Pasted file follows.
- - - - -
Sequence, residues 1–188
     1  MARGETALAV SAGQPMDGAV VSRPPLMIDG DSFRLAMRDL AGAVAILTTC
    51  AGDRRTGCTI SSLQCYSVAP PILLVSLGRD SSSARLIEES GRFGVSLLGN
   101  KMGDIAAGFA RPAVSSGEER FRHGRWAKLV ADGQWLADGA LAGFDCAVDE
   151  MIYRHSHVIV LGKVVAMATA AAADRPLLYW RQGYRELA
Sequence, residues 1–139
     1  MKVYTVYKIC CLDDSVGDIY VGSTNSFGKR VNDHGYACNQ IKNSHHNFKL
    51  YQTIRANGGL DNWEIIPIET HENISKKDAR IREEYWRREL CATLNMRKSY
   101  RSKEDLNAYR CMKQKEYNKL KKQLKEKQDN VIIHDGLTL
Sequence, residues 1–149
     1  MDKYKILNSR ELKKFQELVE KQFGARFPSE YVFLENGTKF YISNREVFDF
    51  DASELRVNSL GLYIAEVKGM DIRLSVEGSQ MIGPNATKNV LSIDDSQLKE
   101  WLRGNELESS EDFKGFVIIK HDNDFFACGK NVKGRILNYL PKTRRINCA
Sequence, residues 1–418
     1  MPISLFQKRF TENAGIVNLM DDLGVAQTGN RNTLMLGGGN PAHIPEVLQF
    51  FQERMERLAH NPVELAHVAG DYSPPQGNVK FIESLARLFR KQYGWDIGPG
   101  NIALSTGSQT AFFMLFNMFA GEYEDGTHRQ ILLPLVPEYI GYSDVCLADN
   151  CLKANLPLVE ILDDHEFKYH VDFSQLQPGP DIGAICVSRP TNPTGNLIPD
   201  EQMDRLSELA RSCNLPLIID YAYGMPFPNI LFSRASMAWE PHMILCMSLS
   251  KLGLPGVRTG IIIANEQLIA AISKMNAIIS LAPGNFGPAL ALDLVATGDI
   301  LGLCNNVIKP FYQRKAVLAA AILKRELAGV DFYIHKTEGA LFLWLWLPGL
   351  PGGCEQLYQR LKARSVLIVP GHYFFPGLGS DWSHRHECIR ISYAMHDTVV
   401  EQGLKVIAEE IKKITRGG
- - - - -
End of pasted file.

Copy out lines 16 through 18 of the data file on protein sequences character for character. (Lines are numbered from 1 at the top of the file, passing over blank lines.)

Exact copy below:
    51  FQERMERLAH NPVELAHVAG DYSPPQGNVK FIESLARLFR KQYGWDIGPG
   101  NIALSTGSQT AFFMLFNMFA GEYEDGTHRQ ILLPLVPEYI GYSDVCLADN
   151  CLKANLPLVE ILDDHEFKYH VDFSQLQPGP DIGAICVSRP TNPTGNLIPD